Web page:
Written: Written later than July 18, 1914
Published: First published in 1935 in the magazine Proletarskaya Revolutsia No. 5. Sent from Poronin to Berlin. Printed from the original.
Source: Lenin Collected Works, Progress Publishers, , Moscow, Volume 35, pages 150-152.
Translated: Andrew Rothstein
Transcription\Markup: R. Cymbala
Public Domain: Lenin Internet Archive. You may freely copy, distribute, display and perform this work, as well as make derivative and commercial works. Please credit “Marxists Internet Archive” as your source. • README
Dear Comrade Herman,
It seems to me that an important moment is approaching in the attitude of the Lettish Social-Democrats to the Russian Social-Democratic Labour Party (in the person of the Central Committee—to our part of the R.S.D.L.P.—if that suits your legitimists, who want to “consider” the liquidators a little).
Here clarity and honesty are necessary.
In 1911–14 the Letts (their C.C.) were liquidators.
At the Congress of 1914 they became opponents of liquidationism, but neutral as between the O.C. and the C.C.
Now, after Brussels, after the resolution in No. 32 of Trudovaya Pravda, the Letts want to enter our Party and conclude an agreement with the C.C.
Is this a good thing?
It is good, if what is being done is clearly understood and there is an honest attitude towards it.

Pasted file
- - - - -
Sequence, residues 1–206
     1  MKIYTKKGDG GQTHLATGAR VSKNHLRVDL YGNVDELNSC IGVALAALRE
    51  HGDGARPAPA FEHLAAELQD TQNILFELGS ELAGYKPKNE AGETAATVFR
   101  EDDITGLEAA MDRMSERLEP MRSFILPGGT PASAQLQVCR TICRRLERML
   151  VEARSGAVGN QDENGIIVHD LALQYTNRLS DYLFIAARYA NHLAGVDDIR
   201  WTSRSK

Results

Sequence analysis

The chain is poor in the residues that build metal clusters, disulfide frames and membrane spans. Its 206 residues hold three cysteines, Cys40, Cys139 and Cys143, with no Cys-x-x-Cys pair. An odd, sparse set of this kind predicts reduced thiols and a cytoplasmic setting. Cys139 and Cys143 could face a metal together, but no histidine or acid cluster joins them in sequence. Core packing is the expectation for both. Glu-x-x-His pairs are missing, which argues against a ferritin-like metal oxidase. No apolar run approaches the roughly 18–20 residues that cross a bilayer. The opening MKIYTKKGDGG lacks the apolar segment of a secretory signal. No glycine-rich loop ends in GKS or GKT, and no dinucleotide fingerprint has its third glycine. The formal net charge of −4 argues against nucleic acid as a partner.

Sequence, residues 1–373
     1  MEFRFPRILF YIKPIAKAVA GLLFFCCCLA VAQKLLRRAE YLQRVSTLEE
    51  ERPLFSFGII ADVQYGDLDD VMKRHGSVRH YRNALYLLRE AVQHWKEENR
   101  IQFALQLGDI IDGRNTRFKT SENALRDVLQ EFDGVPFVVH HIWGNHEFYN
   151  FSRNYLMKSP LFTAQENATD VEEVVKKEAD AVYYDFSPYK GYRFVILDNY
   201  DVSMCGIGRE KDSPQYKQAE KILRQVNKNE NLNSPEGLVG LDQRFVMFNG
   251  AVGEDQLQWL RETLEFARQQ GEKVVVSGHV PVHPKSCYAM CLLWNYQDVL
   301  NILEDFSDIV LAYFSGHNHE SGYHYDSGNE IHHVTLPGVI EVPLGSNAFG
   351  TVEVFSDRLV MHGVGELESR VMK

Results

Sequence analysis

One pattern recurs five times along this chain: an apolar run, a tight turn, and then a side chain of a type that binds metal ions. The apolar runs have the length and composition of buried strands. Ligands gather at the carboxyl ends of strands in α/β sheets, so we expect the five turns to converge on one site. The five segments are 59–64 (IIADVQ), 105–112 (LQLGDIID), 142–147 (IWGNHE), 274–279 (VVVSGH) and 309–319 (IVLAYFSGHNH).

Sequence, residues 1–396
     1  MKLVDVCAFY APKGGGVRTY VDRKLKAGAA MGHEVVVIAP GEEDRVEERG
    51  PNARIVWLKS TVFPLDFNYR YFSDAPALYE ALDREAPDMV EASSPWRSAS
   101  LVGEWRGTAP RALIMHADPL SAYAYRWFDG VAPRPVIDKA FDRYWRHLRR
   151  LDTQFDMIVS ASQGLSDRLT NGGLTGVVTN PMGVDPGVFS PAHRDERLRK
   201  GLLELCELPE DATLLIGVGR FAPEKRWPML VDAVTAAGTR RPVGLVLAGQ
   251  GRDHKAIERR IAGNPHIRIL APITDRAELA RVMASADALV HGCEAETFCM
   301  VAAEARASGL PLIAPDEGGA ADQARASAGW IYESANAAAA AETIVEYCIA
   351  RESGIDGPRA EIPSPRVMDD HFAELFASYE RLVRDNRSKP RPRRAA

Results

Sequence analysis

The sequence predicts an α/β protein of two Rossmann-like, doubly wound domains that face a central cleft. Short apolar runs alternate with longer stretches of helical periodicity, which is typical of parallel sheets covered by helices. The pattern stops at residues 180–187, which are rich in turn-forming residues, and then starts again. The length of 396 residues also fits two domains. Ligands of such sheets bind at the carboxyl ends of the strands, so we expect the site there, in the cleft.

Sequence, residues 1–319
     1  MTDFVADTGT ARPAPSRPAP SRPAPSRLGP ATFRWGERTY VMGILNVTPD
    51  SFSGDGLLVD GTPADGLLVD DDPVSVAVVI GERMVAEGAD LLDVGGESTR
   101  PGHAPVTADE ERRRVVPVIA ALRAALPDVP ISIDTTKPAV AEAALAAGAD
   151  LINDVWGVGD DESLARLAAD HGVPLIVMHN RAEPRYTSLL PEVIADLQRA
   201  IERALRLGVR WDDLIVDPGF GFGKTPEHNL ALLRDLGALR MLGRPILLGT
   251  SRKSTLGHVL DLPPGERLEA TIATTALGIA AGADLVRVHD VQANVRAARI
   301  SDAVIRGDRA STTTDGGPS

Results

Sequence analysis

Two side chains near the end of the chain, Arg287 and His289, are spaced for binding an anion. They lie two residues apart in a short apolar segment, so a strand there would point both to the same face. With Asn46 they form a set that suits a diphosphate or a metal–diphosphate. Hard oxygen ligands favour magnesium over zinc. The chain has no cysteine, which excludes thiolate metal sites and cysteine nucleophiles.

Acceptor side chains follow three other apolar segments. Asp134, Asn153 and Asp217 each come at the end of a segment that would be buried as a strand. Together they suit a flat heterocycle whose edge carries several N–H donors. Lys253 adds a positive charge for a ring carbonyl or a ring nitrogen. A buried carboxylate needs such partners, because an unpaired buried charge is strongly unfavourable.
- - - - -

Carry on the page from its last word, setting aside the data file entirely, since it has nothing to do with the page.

It is bad, if it is being done without clear understanding, without firm resolution and reckoning with the consequences.
Those who want legitimacy in the sense of restoring the Stockholm-London (1906–07) R.S.D.L.P., had better not join our Party: there will be no result except squabbles, disappointments, offence taken and mutual hindrance. That was “a federation of the worst type” (as was stated in the resolution of the January 1912 Conference of the R.S.D.L.P.). It was rottenness. Away with that rottenness!
If it is a question of defending the relics of federalism (for example, the Stockholm agreement and delegation from the Lettish C.C. to the Russian C.C.), then it’s a waste of time! In my belief we shall not accept it. It is play-acting, diplomacy à la Tyszka (which is now being imitated by the scoundrels in the Polish opposition, who went over at Brussels to the liquidators), not team work. Are we agreed in principle? Yes or no? If the answer is yes, then we must march together against (1) liquidationism, (2) “nationalism” (=(a) “cultural-national autonomy” and (b) the separatism of the Bund), (3) against federalism. We have clearly, openly, before all the workers of Russia, unfurled these banners since January 1912. That is not a short time. You could and should have realised what was involved.
So let’s come to an agreement—if we are to agree—clearly and honestly. To play at hide-and-seek, in my opinion, is out of place and unworthy. We are waging a serious war: against us are all the bourgeois intellectuals, the liquidators, the nationalists and the separatists of the Bund, the federalists overt and covert. Either we conclude an agreement against all these enemies, or it would be better put off.
It is better to confine ourselves to engagement than to tie ourselves up with marriage, if there is no complete certainty that the union will endure!!
All this is my personal opinion.